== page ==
A section 2-615 motion attacks the sufficiency of a complaint and raises the question whether the complaint states a cause of action upon which relief may be granted. Grund v. Donegan, 298 Ill. App. 3d 1034, 700 N.E.2d 157 (1998). When ruling on a section 2-615 motion to dismiss, the court must accept as true all well-pleaded facts and must construe all reasonable inferences therefrom in the light most favorable to the plaintiff. Bryson v. News American Publications, Inc., 174 Ill. 2d 77, 672 N.E.2d 1207 (1996). A complaint should not be dismissed unless it is clear that the plaintiff can prove no set of facts that would entitle him to recovery. Roderick Development Investment Co. v. Community Bank, 282 Ill. App. 3d 1052, 668 N.E.2d 1129 (1996). This court will review a dismissal of a complaint pursuant to section 2-615 de novo. Brown Leasing, Inc. v. Stone, 284 Ill. App. 3d 1035, 673 N.E.2d 430 (1996).

A conversion is any unauthorized act that deprives a person of his or her property permanently or for an indefinite time. In re Thebus, 108 Ill. 2d 255, 483 N.E.2d 1258 (1985). The essence of conversion is the wrongful deprivation of one who has a right to immediate possession of the object unlawfully held. Roderick Development Investment, 282 Ill. App. 3d at 1057. To state a cause of action for conversion, a plaintiff must allege: (1) an unauthorized and wrongful assumption of control, dominion, or ownership by a defendant over plaintiff's personalty; (2) plaintiff's right in the property; (3) plaintiff's right to the immediate possession of the property, absolutely and unconditionally; and (4) a demand for possession of the property. Roderick Development Investment, 282 Ill. App. 3d at 1057; Fonda v. General Casualty Co., 279 Ill. App. 3d 894, 665 N.E.2d 439 (1996).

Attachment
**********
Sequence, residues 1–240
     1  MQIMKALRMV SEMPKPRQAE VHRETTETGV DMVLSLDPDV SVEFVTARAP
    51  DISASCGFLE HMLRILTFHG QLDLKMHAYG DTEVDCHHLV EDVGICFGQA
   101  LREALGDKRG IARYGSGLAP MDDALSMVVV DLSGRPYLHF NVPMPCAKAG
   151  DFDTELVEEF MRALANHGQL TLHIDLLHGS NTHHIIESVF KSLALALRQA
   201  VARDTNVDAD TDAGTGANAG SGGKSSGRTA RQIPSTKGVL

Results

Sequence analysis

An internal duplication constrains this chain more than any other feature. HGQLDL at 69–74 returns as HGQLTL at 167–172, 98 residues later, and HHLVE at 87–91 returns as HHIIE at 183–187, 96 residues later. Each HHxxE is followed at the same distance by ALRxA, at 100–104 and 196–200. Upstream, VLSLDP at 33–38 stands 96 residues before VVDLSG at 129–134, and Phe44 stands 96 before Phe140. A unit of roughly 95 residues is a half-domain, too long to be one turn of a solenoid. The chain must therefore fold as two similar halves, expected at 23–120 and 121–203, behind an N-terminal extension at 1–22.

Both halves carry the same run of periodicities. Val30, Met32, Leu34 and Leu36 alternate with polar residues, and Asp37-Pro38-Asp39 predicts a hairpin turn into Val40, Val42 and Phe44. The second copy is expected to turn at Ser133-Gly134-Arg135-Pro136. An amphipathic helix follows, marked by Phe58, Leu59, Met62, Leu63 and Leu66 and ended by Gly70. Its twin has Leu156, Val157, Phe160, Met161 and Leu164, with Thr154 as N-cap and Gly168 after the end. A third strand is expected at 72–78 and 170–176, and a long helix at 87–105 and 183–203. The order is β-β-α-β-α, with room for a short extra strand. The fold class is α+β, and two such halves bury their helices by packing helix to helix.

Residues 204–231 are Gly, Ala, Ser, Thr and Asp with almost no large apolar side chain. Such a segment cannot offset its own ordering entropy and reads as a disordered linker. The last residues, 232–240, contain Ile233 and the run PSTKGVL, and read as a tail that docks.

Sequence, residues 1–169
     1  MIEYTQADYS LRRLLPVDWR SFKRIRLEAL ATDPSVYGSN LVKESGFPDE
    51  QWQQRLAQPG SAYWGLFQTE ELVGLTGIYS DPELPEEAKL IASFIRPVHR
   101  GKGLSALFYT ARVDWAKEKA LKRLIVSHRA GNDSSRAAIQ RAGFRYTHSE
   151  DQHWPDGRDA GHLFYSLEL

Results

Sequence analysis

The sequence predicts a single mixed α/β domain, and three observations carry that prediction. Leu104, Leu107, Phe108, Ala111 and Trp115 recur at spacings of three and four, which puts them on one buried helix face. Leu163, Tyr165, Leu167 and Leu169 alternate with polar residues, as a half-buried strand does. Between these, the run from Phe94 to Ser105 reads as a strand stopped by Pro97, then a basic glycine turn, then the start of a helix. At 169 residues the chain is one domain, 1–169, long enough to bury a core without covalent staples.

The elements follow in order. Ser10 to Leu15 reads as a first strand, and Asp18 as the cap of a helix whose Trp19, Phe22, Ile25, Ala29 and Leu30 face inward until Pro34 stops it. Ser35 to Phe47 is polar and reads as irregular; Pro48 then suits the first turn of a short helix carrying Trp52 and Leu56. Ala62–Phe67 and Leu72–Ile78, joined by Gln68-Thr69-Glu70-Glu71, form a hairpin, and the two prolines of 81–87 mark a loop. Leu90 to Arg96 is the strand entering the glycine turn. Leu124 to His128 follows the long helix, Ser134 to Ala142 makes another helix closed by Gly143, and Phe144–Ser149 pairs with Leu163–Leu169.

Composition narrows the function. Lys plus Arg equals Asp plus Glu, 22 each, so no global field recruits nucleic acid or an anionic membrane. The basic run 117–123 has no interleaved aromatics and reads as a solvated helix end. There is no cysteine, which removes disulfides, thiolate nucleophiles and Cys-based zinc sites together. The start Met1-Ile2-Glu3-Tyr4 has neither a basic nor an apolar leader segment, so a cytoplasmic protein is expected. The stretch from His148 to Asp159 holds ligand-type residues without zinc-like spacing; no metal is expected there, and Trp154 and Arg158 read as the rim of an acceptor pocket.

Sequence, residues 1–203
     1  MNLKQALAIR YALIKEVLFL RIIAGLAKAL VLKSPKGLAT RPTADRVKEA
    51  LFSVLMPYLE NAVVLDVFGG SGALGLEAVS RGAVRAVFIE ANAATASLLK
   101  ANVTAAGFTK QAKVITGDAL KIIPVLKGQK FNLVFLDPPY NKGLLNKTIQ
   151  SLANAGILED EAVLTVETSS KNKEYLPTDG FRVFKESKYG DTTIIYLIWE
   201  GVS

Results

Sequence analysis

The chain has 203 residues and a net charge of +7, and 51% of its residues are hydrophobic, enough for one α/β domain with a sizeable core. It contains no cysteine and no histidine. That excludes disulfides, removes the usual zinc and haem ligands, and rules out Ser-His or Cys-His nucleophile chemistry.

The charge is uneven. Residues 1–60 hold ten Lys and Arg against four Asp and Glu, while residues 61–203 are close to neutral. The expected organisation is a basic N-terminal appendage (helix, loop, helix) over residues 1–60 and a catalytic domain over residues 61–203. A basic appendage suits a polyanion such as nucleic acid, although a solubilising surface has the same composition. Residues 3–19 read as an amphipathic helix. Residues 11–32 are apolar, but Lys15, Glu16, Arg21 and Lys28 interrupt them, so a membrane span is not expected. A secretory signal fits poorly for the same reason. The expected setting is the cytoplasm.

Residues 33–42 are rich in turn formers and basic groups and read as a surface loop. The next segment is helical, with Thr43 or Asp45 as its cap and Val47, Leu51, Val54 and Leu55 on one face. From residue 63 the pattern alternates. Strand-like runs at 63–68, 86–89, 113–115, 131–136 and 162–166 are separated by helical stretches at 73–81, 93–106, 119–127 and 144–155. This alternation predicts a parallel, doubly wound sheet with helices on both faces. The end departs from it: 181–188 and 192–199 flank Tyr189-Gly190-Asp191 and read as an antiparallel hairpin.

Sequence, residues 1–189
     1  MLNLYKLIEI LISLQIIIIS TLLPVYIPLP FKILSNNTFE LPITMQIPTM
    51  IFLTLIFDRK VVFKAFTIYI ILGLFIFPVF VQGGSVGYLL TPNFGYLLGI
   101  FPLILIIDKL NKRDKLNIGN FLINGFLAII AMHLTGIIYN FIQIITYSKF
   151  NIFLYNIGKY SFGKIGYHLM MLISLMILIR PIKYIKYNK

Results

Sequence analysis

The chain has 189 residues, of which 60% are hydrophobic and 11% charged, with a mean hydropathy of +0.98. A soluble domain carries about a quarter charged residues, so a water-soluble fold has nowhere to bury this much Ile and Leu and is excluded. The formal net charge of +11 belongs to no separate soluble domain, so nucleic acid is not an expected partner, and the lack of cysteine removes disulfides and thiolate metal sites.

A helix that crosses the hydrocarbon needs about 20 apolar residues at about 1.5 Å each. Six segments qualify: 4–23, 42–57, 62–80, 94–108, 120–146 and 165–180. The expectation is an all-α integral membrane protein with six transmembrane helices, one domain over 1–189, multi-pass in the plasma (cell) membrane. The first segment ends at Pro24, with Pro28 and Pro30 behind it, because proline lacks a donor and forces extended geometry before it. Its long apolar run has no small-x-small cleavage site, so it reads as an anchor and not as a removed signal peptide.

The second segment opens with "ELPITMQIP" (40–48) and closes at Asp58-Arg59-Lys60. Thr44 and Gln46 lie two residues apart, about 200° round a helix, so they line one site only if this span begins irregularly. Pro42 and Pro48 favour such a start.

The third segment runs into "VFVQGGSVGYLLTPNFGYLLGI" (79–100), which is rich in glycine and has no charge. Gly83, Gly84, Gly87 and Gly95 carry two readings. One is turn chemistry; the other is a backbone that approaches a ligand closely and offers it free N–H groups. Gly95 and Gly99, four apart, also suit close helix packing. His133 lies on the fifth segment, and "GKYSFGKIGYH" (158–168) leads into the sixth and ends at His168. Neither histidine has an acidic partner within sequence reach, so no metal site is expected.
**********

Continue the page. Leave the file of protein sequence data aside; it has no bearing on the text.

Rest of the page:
Colonial contends that it has pled facts sufficient to fulfill each of these pleading requirements. Specifically, Colonial contends that, as a secured party with a perfected security interest, it had an automatic right to direct payment of the insurance proceeds from American, pursuant to section 9-306(1) of the Uniform Commercial Code (the UCC)(810 ILCS 5/9-306(1)(West 1996)). Section 9-306(1) provides in pertinent part:

"'Proceeds' includes whatever is received upon the sale, exchange, collection or other Disposition of collateral or proceeds. Insurance payable by reason of loss or damage to the collateral is proceeds, except to the extent that it is payable to a person other than a party to the security agreement." 810 ILCS 5/9- 306(1)(West 1996).

This case is controlled by Fonda v. General Casualty Co., 279 Ill. App. 3d 894, 665 N.E.2d 439 (1996), where the first district found that a secured party was entitled to direct payment of insurance proceeds from an insurer where the insurer had actual notice of the security interest prior to paying out the proceeds.

In Fonda, the plaintiff held a perfected security interest in the contents of a grocery store. On December 2, 1983, the grocery store was destroyed by fire. On March 16, 1984, the plaintiff's attorney sent a letter to the insurance carrier advising it of plaintiff's security interest. On March 17, 1984, the defendant added the plaintiff as a loss payee on the policy. On May 1, 1984, the defendant paid $27,100.67 in insurance proceeds as a result of the fire loss directly to its insured (the plaintiff's debtor). On September 22, 1987, the ...